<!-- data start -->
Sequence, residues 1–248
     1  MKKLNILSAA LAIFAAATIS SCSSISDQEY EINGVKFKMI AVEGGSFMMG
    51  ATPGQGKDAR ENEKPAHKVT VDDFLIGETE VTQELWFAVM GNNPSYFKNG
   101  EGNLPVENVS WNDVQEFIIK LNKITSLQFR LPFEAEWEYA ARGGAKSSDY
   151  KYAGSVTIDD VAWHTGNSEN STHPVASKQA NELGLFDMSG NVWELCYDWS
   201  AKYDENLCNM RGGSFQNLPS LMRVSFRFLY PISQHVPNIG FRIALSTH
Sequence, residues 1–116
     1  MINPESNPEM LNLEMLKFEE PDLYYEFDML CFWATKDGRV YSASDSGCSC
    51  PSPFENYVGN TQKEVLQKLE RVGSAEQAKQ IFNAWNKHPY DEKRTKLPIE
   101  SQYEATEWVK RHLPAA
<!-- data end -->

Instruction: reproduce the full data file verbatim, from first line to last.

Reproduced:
Sequence, residues 1–248
     1  MKKLNILSAA LAIFAAATIS SCSSISDQEY EINGVKFKMI AVEGGSFMMG
    51  ATPGQGKDAR ENEKPAHKVT VDDFLIGETE VTQELWFAVM GNNPSYFKNG
   101  EGNLPVENVS WNDVQEFIIK LNKITSLQFR LPFEAEWEYA ARGGAKSSDY
   151  KYAGSVTIDD VAWHTGNSEN STHPVASKQA NELGLFDMSG NVWELCYDWS
   201  AKYDENLCNM RGGSFQNLPS LMRVSFRFLY PISQHVPNIG FRIALSTH
Sequence, residues 1–116
     1  MINPESNPEM LNLEMLKFEE PDLYYEFDML CFWATKDGRV YSASDSGCSC
    51  PSPFENYVGN TQKEVLQKLE RVGSAEQAKQ IFNAWNKHPY DEKRTKLPIE
   101  SQYEATEWVK RHLPAA